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How can Jupiter grow its rings?

What do the rings of Jupiter look like?

Jupiter’s ring system was the third to be discovered in the Solar System after Saturn and Uranus. It was first observed on March 4, 1979, by the Voyager 1 space probe. It has four main components: a thick inner torus of particles, a relatively bright, exceptionally thin “main ring” and two broad, thick, dim outer ones named after the moons of which they are composed: Amalthea and Thebes.

The width of the main ring is about 4,000 miles (6500 km).

The lifetime of dust particles in the ring is from 100 to 1000 years. They are slowly spiraling towards the surface of Jupiter. If the rings are not replenished with material, they will disappear.

The rings are replenished with dust that occurs during collisions between large bodies ranging in size from 1 cm to 0.5 km, as well as external comets, and meteorites that fall into Jupiter’s powerful gravitational field.

We build up the rings of Jupiter

But there is another hypothetical way:

If all the planets are moved closer to Jupiter, then he will tear them apart, increasing the mass and size of his rings.

If all the planets are moved closer to Jupiter, then he will tear them apart, increasing the mass and size of his rings.

The gas giant Saturn will be the first to be torn apart. For him, the Roche limit is 131,000 miles (211,000 kilometers).

Then Uranus and Neptune will be torn apart. They must be brought closer to Jupiter by 49-55 thousand miles (80-90 thousand kilometers).

At a distance of 37,000 miles (61,000 kilometers) from Jupiter, Mars will shatter into pieces.

Then Venus and Mercury. For them, the Roche limit is about 34,000 miles (55,000 kilometers).

The Earth must come closest to the giant to be devoured. A total of 34,069 miles (54,830 km).

Roche limit

The Roche limit is the critical distance between two bodies at which the action of tidal forces goes from surface deformation to destruction of the body due to tidal forces. This phenomenon gets its name from the French astronomer Edouard Roche, who first described it in the 19th century.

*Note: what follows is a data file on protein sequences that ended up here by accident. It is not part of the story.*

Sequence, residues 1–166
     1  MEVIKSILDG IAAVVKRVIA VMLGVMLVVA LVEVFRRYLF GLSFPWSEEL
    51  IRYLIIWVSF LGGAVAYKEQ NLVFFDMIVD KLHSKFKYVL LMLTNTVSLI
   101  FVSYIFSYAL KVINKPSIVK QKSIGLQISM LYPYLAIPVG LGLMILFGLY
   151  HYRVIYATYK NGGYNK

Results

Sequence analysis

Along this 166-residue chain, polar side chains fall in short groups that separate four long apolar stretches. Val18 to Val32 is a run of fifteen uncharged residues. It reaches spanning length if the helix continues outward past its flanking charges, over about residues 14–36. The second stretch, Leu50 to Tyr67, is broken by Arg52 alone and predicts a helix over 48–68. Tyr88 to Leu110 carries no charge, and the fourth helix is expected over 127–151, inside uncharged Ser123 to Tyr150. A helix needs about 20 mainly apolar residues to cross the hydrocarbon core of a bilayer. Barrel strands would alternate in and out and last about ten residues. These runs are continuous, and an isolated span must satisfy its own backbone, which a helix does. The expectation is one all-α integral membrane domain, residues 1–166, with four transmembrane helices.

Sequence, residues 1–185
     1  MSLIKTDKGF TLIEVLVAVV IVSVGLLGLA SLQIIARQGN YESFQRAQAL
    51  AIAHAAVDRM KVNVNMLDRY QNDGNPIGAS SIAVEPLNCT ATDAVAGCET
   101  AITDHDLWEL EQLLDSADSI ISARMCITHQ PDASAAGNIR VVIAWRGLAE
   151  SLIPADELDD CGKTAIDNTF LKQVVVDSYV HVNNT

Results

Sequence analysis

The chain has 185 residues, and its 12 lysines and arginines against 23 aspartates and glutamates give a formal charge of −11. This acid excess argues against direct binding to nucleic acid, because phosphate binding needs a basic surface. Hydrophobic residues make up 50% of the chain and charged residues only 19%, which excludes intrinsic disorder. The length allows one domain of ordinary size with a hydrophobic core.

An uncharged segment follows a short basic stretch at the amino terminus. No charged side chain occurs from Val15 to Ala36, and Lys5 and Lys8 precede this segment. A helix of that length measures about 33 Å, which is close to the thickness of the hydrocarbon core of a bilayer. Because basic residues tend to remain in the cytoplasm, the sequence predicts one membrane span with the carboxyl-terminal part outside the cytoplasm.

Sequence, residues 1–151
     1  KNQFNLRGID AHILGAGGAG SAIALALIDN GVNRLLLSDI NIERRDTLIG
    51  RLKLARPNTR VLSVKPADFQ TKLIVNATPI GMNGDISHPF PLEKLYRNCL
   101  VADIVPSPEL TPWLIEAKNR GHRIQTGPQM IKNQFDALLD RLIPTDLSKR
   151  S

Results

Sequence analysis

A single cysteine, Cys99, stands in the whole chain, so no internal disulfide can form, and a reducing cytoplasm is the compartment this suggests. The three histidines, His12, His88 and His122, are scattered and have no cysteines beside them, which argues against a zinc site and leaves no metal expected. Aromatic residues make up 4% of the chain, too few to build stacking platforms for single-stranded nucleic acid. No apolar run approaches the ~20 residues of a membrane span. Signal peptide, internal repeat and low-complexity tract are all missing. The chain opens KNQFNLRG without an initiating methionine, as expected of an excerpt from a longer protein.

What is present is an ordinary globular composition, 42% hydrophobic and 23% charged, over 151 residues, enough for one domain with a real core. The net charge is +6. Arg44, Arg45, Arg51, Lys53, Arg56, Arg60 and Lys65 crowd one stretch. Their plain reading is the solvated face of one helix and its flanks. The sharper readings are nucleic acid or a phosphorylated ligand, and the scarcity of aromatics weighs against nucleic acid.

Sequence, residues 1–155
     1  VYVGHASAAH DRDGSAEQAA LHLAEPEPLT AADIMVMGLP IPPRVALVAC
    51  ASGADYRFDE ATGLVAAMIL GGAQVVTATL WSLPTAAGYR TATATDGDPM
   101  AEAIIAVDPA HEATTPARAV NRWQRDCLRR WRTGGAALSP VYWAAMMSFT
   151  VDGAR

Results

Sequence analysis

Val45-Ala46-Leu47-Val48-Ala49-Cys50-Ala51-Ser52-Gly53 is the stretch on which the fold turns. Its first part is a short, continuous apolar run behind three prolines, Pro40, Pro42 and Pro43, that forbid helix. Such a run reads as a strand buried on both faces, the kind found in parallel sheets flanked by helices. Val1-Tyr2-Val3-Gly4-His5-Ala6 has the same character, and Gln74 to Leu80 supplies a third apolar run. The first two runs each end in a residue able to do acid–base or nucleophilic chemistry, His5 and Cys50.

Mathematically, the Roche limit can be expressed in terms of the masses and radii of two bodies and the coefficient of slow thickening (Love number), which characterizes the deformability of the body. The Roche limit depends on the internal structure and mechanical properties of the bodies. For example, for a light satellite, such as the Moon, located next to a planet, the Roche limit may be relatively close, while for denser bodies, such as planets, this distance will be greater.

One of the most famous examples of the Roche limit is Saturn’s moon Mimas. Mimas has a huge crater that makes it similar in shape to the “Death Moon” from the Star Wars movie. If Mimas were to approach Saturn within less than the Roche limit, the forces of the tides could destroy it.

Roche limit values ​​vary for different bodies in the solar system. For example, for the satellites of Saturn, the Roche limit can be at a distance of about 2.44 planetary radii, while for the Earth and its Moon, this distance is about 2.9 Earth radii.

Why don’t tidal forces tear people apart on Earth?

This question comes up. Because if the tidal forces of the planet tear other bodies to shreds on the way to it, then people are already on the surface.

The answer is that our bodies are not held together by gravity. It is held together by the chemical bonds (electromagnetic force) between the molecules and cells that make us up. These chemical bonds are many orders of magnitude stronger than the tidal forces we face on Earth.

A person weighing 70 kilograms and up to 2 meters tall has a maximum tidal force of about 0.0154 Newton. This force is very small and does not have a noticeable effect on the human body. We don’t feel it

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